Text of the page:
Many non-native speakers have trouble with the GMAT reading comprehension section, even those who would consider themselves very competent English speakers. For some students, this is a relatively straightforward problem of vocabulary and comprehension. Other students find that they’re perfectly capable of reading and understanding a passage, but that it takes them much longer than their native speaker counterparts.
However, there are several ways for non-native speakers to become more comfortable with reading comprehension passages and move through them as quickly and as effectively as English-speaking students.
Unsurprisingly, the best thing you can do to prepare for the reading comprehension section is read. Articles from publications like the New Yorker, the Los Angeles Times, and the New York Times, and the Economist can help you increase your reading speed as well as your ability to read long passages without losing focus. After you read the articles, try to identify the article’s main idea or argument, as well as the main points. In fact, reading well-written English publications can be a huge help for non-native speakers looking to improve their verbal scores.
You should also make sure that you’re practicing reading on a computer to simulate the test conditions. Reading the passages online doesn’t allow students to mark important points. One of the best ways to make sure you’re understanding and processing an online passage is by taking notes on things like the key ideas, argument, and even summarizing paragraphs. Of course, you certainly don’t have to take notes on everything you read in the months before you take the GMAT, but it’s certainly something to keep in mind.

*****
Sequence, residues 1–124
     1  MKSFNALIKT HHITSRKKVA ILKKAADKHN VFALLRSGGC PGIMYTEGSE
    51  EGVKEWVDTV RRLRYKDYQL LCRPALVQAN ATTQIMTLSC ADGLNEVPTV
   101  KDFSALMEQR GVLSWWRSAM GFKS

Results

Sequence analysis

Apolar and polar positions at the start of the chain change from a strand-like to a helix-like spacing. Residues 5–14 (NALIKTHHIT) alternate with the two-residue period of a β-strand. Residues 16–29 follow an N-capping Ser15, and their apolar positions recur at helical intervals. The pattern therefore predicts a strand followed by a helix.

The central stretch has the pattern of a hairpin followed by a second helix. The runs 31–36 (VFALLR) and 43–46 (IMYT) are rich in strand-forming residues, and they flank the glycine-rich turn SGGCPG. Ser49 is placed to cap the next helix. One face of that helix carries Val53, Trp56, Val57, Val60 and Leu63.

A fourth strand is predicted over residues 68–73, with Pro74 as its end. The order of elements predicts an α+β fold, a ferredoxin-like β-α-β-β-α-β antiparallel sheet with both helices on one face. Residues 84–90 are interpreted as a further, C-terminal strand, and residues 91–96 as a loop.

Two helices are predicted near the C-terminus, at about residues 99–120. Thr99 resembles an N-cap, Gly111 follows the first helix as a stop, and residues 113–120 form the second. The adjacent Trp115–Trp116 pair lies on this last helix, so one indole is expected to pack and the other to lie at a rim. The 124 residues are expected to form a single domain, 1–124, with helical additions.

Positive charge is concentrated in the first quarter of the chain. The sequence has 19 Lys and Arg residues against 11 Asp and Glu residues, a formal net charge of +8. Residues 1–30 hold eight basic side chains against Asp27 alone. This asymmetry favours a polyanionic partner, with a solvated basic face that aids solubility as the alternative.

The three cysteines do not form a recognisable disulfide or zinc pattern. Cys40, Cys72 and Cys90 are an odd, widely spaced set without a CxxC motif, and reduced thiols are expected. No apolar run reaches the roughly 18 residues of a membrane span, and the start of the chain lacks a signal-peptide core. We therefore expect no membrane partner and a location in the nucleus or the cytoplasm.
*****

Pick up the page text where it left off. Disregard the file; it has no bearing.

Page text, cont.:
GMAT test-takers are often advised to scan critical reading passages, and there are many strategies and techniques that can be used to filter out the unimportant details or answer questions while only reading certain sections of the passage. However, this can be much more difficult for non-native speakers, and can lead them to miss crucial ideas within the passage.
When you see a vocabulary word that you don’t understand, write it down or look it up. You don’t want to misunderstand a valuable part of the passage or feel unable to answer one of the questions. Remember that it’s much easier to remember the synonyms of a word than it is to memorize the entire definition. However, don’t make the mistake of getting too bogged down in memorizing definitions. It’s important to find the balance between learning the necessary vocabulary to understand the passage and learning the exact meaning of every word you come across.
Just as important as general vocabulary is the ability to understand and quickly recognize transition words in GMAT reading comprehension passages. You can find a more extensive list here, but transition words like “Therefore” and “because” are often used to introduce a new idea into a passage or summarize an author’s argument. Remember that the makers of the GMAT will sometimes try to trick students who didn’t read the passage fully by complicating the initial argument with words like “however” and “on the other hand.”
The higher your comfort level with GMAT English, the easier you will find topics like idioms and reading comprehension.
This article is part of an ongoing series of tips for international students and non-native speakers taking the GMAT.